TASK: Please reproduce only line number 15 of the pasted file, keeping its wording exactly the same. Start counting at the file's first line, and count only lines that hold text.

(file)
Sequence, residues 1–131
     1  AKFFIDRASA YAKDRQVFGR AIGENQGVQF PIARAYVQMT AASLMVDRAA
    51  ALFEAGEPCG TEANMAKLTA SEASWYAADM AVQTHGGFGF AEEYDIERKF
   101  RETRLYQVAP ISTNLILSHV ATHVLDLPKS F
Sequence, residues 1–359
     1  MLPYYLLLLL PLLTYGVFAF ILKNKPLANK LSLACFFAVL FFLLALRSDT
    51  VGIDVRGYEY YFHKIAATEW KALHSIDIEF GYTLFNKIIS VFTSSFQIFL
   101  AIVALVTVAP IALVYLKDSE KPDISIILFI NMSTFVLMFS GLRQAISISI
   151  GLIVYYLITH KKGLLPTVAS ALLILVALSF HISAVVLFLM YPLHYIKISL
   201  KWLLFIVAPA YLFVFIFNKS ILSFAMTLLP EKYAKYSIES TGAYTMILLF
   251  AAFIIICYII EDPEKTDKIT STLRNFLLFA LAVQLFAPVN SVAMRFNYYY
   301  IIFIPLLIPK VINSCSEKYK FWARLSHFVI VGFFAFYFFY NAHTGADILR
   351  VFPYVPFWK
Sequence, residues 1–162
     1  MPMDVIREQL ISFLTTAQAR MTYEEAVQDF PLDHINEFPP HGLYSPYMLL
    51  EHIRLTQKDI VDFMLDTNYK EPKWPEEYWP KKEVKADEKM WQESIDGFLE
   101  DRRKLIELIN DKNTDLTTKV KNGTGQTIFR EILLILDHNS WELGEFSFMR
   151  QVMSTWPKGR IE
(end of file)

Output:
     1  MPMDVIREQL ISFLTTAQAR MTYEEAVQDF PLDHINEFPP HGLYSPYMLL